“Rescued, your majesty?” Folderol said, uncurling enough for them to see his upraised eyebrow.
“Yes, rescued. Capricious had obviously rolled off somehow and gravity took its course, pulling the lad into the lower areas of the castle. If Millicent hadn't spotted him in time, he could very well have ended up in the dungeons by now, where he would have been lost forever.”
“And how do we know she didn't deliberately take him?” the chief asked. “It's a well known fact that humans have hated goblins since time immemorial.”
“Hmm, yes, but not without provocation. I believe the ones doing the random acts of mischief were usually on our end in human-goblin affairs, right?”
The crowd nodded and even the chief had to admit, with some goblinical pride, that that was true.
“But since we're on the subject of humans,” Delilah said, slipping her arm through Millicent's, “you should realize that you're incredibly lucky that this particular human was the one to find your son. You seemed surprised to learn that he was the missing child, Millie.”
“W-well, I though he was just a big pill bug,” Millicent said to the crowd, who stared blankly back at her.
“Pill bugs are like tiny, non-sapient bugbears that inhabit human gardens,” Delilah explained. A shudder ran through the crowd, with the bugbears looking especially appalled. Millicent supposed that if she found out that a species of small, human-shaped woodlice lived out in the world somewhere, she might have the same reaction.
“Anyway,” the maid continued, “I thought he was just a bug that got caught inside, so I was going to put him out in the garden.”
“That's my Millie, always letting creatures free in the great outdoors. Not like other humans, who would certainly have squished him flat.”
“They wouldn't!” the chief said, turning pale.
“Of course they would. It's one of those inescapable yearnings, you know? Yes, if it had been anyone but Millie, this would have been quite the gruesome affair, what with cracked shells and—”
“Delilah, stop that!” Millicent said, pulling free of the queen to go help the chief, who seemed to be ready to collapse. She steadied him with one arm and put her other hand out to catch Capricious, who had started to fall. Capricious, for his part, curled back up at her approach.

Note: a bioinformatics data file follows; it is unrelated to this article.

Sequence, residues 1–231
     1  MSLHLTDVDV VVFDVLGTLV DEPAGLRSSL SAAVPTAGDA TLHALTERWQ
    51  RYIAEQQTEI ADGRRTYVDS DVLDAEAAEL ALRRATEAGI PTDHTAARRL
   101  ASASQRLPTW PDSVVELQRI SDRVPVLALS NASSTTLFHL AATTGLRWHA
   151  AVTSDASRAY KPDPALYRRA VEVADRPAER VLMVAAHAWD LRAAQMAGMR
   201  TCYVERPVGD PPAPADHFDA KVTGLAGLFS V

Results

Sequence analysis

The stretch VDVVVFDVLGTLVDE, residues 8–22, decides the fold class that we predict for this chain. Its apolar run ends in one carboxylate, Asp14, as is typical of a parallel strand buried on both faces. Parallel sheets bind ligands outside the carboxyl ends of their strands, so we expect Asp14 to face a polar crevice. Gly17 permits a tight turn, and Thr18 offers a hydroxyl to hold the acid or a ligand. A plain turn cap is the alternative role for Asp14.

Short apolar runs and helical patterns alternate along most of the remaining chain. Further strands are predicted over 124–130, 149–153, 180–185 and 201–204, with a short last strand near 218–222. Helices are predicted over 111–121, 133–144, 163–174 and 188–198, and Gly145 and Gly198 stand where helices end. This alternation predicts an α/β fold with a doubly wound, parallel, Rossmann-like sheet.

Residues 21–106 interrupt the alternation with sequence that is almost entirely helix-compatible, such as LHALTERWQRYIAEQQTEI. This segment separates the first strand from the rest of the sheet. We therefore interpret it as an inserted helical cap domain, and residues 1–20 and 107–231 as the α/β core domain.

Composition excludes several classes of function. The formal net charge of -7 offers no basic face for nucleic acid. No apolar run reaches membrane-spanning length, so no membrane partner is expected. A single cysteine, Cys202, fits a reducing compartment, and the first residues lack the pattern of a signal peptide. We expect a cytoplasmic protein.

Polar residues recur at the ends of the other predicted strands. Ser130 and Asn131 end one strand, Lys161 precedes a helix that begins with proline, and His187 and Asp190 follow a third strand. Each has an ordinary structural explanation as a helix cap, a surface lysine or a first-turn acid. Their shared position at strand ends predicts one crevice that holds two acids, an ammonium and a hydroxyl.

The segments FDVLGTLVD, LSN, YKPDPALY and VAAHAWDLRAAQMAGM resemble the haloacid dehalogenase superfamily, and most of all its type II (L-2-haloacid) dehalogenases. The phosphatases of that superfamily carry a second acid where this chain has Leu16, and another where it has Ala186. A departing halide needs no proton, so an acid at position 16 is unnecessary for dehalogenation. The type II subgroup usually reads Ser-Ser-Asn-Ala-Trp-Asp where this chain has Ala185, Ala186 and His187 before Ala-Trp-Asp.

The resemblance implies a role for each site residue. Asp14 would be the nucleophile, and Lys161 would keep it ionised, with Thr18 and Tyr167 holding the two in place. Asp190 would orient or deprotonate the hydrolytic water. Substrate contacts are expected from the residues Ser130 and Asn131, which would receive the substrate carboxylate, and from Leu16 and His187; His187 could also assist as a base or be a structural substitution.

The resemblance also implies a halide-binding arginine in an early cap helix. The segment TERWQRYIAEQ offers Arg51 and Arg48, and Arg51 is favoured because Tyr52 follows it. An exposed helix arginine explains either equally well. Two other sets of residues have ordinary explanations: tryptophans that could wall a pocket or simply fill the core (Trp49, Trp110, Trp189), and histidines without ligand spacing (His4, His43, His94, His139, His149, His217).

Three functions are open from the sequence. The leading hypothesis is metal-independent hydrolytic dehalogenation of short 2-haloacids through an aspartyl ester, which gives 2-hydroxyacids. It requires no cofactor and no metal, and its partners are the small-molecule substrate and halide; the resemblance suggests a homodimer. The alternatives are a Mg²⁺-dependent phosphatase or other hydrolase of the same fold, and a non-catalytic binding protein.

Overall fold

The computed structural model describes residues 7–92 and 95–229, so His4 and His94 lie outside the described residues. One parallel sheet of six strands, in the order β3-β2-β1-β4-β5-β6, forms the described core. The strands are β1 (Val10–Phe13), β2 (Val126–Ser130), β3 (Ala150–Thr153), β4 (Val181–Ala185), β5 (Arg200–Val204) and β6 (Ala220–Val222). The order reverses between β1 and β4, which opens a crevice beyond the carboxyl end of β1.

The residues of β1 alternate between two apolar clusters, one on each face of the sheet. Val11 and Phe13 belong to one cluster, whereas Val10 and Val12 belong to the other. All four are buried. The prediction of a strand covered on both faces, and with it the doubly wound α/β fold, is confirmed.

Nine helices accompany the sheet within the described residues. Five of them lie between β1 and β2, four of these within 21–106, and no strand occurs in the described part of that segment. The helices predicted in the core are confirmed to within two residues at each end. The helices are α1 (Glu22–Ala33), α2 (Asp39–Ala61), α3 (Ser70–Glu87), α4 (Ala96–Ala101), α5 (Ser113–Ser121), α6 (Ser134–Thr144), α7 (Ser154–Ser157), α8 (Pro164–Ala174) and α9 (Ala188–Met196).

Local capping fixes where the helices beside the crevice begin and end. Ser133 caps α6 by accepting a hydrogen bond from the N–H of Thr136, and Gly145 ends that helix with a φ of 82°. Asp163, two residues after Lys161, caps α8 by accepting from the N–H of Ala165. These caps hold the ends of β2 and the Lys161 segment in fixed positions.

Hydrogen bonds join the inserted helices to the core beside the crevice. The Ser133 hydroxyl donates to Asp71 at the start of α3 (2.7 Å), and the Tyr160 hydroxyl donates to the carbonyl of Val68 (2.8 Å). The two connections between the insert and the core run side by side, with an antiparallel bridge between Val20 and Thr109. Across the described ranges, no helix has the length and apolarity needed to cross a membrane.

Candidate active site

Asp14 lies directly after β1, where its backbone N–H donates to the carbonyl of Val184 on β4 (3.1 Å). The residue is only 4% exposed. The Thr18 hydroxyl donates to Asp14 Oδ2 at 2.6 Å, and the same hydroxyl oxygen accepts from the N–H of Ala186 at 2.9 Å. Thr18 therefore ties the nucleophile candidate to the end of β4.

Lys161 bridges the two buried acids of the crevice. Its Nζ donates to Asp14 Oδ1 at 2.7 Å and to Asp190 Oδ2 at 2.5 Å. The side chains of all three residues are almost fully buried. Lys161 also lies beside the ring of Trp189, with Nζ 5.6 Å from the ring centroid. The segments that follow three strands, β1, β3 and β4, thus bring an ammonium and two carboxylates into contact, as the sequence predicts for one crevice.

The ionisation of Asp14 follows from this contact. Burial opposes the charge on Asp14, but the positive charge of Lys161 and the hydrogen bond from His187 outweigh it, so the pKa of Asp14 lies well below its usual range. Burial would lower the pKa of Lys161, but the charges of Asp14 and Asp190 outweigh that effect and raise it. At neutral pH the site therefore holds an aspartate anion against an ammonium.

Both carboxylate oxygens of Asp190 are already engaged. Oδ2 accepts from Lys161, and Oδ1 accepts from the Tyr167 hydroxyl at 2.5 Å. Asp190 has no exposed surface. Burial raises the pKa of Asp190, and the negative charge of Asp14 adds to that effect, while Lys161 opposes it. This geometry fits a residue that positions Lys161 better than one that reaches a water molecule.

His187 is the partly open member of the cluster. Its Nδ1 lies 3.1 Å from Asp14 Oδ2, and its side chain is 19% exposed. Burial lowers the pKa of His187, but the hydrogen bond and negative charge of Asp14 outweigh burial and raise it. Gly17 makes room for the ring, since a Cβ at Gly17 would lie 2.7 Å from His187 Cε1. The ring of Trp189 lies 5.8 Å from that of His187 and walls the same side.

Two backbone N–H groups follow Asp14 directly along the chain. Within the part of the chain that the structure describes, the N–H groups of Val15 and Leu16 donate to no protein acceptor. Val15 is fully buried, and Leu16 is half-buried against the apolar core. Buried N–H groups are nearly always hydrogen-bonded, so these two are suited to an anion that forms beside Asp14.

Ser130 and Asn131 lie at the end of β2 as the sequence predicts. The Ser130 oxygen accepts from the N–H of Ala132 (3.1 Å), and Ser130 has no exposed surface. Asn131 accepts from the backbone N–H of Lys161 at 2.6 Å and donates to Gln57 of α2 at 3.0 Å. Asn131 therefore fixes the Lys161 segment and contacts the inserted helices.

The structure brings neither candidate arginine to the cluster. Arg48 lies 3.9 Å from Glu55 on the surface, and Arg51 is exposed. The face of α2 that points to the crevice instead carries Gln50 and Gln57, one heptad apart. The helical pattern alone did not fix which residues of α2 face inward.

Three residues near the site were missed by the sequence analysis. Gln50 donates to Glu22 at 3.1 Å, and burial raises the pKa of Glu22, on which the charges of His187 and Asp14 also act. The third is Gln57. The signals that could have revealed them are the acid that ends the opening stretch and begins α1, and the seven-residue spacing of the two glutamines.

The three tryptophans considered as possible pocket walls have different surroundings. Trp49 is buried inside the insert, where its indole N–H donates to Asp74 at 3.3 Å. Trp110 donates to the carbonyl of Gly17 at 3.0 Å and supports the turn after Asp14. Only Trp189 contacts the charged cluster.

“Th-thank you, Miss Kidna—ah, Miss Human,” the chief said. “I suppose I owe you my gratitude, and an apology.”
“No, no, that's all right.” She waved her hand in front of her as if to brush away his praise. “You were just worried about your baby. Besides, I guess humans can be pretty scary. I was a little overwhelmed by all the different sorts of goblins when I first came here, so I'm sure it works in reverse, too.”
“Perish the thought,” the chief said, suddenly the model of genteel manners. “To be honest, you don't look all that different from our beloved queen.”
“You saying I look like a human?” Delilah said, balling up a fist.
“No, no!” Folderol said. “I think he meant that she looked like a goblin. It was a compliment.”
“Well, I suppose that's all right then…”
“I think he's still scared of me, though,” Millicent said, pointing to Capricious
“Him, Miss?” said the chief. “No, he's just shy around most people. But if he let you pick him up, he must have taken a liking to you.”
“Really?” She edged closer to the baby, hoping he might finally open up for her. Instead, a gurgle issued from inside his shell.
“I think he's hungry.”
“I think we all are,” said some kibitzer from the crowd. The rest nodded in agreement.
“Oh! Dinner's actually all set to go,” Millicent said. “I just have to carry it up to the ballroom.”
“Nonsense,” Delilah cried, thrusting a finger at the police bugs. “Your job description is to protect and serve, right? Why don't you go down to the kitchens and fetch us dinner, hmm? That's the least you can do for Millie after all the help she's been.”
The bugbears saluted and rolled through the door to the kitchens, while Millicent, Delilah, and the rest of the crowd headed to the ballroom.
“I'm not sure I was all that much help, to be honest,” Millicent said to the queen as they climbed the spiral staircase that led up through the castle.
“Of course you were, Millie. You rescued a child from certain peril.”
“He was just crawling around the kitchens when I found him.”
“True, true, but you still decided to bring him up to the safety of the garden rather than squish him or just let him be, and therefore prevented a rebellion of the police force against the royal family.”
“That's true. You wouldn't want a civil war on you layday.”
“No, that's more of a hatchday sort of thing. Anyway, Millie, don’t give it another thought. Now it's time to enjoy the party: dinner, then games, and then inside fireworks.”
She was going to protest, but it was Delilah's layday, after all, and a national holiday on top of that. She would contain her urge to keep the castle in one piece for tonight, then clean up the debris tomorrow. That was as good a present as any.